By now established as a spearhead for new and alternative theatre in Cardiff, The Other Room at Porter’s has chosen violence as a theme for reflection for its Autumn season of 2019. The first of the series of three play is this American Nightmare, a new work by Matthew Bulgo set in a quasi-dystopian America in what appears to be, at least at face value, a point not too far in the future. We don’t know much of this world – it isn’t really fleshed out, and for the purposes of the play, it doesn’t need to be – but it is clear that conflict still runs rampant, the situation in the Middle East is far from settled, inequalities dictated by capitalism have worsened even more, and the protections that exist for the weakest in society have failed. All of this is learnt through the runtime of the play, which juxtaposes what are substantially two vignettes, in which we watch two characters each interact in radically different settings – underscoring the societal imbalance that this works aims to comment on.
The juxtaposition between the two threads of the play is reinforced in a very effective way by the stage setting. Designer Delyth Evans and lighting designer Katy Morison are both to be complimented for their ability to create an essential but impactful environment that manages to create an easy link between the two parts of the story, whose placement side-by-side would otherwise be at risk of being excessively didascalic. The main issue with American Nightmare – not a damning one, but one that must continuously be kept in check by cast and creatives – lies in its being an almost formulaic story, heavily reliant on familiar tropes; there is little surprise in its reveals, and the direction the events are taking is easily predictable. Much rests on the cast’s ability to be engaging and credible in carrying the story, and all four actors on stage (plus Richard Harrington as The Program, whose video segments are a remarkable incarnation of the idea itself of an oppressive system) do an excellent job of this. All performances are impactful, heartfelt, and create an immediate connection with the audience, giving the feeling that we are faced with real humans. Particular credit goes to Ruth Ollman as Clara, cleverly manoeuvring the audience’s reactions from fun to discomfort; both Gwydion Rhys as Ellwood and Lowri Izzard as Daria delve with ease into the complexity of their characters, and their excellent chemistry with each other gives further credibility to their interactions. Christopher Gordon as Greg is easily the most empathetic character on stage, making the ending of the play even more uncomfortable.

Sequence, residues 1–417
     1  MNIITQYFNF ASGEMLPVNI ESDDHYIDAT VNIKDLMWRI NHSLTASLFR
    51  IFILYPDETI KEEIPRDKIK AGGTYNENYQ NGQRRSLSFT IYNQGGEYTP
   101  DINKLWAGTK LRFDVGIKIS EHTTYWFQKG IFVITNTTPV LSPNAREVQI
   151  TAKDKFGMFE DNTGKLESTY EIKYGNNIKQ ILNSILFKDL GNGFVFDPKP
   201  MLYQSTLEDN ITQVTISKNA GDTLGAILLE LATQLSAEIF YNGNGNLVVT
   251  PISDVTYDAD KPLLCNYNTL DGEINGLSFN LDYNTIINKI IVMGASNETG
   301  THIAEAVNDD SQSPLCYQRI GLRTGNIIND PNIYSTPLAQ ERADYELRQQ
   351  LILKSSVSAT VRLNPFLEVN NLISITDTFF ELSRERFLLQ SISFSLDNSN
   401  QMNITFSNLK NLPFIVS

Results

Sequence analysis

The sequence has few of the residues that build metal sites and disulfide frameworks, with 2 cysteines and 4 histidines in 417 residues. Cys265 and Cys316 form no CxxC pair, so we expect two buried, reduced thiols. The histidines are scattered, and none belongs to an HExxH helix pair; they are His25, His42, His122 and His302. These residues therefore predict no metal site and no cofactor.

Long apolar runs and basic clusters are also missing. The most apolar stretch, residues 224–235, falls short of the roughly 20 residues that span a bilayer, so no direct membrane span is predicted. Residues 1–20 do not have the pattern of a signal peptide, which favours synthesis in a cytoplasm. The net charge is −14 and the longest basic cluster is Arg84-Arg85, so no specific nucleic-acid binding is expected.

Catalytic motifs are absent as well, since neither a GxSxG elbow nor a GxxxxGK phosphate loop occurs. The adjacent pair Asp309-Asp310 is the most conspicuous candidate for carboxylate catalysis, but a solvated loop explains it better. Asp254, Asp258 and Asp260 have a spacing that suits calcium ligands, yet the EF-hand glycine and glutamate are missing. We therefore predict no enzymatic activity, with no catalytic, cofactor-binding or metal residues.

The plot’s reliance on tropes is both a vulnerability and a strength, in a way, because it is clear that what American Nightmare aims to be is a character study, or rather a study of multiple characters and the ways that a hostile society directs them and forces them to interact with each other. In this the writing is hugely successful: all the characters in the play come across as complex, convincing human beings, with moral grey areas and engaging conflicts, able to touch and disturb, move and engage their audience. The play also easily succeeds in capturing the mood of the war economy, and war ideology, that is so pervasive in contemporary American society (and not only there). In this sense, the tropes becomes tools, used to facilitate the things the narration truly cares for: the characters, their conflicts both inner and with each other, their arcs and their development. Matthew Bulgo has most certainly grown as a playwright, and here his writing comes across easy and convincing, sharp, snappy, and able to capture a variety of moods, transitioning with ease from one to the other. Only the ending feels like it drags slightly, but other than that, the pacing of the play flows without hiccups.
American Nightmare is not a perfect work, but one has a feeling that a work on this subject would perhaps be less powerful if it was perfect. Some might find the formulaicity of its plot frustrating; many will be drawn in by the stark humanity of its characters. The moral questions it poses are relevant and engaging, and while some of them could have been explored in more depth, the ability to pose questions without necessarily expecting to find an answer is something this work must be praised for. What is sure is that the Other Room keeps confirming itself as a home for thought-provoking theatre and performance in Cardiff.
Until September 29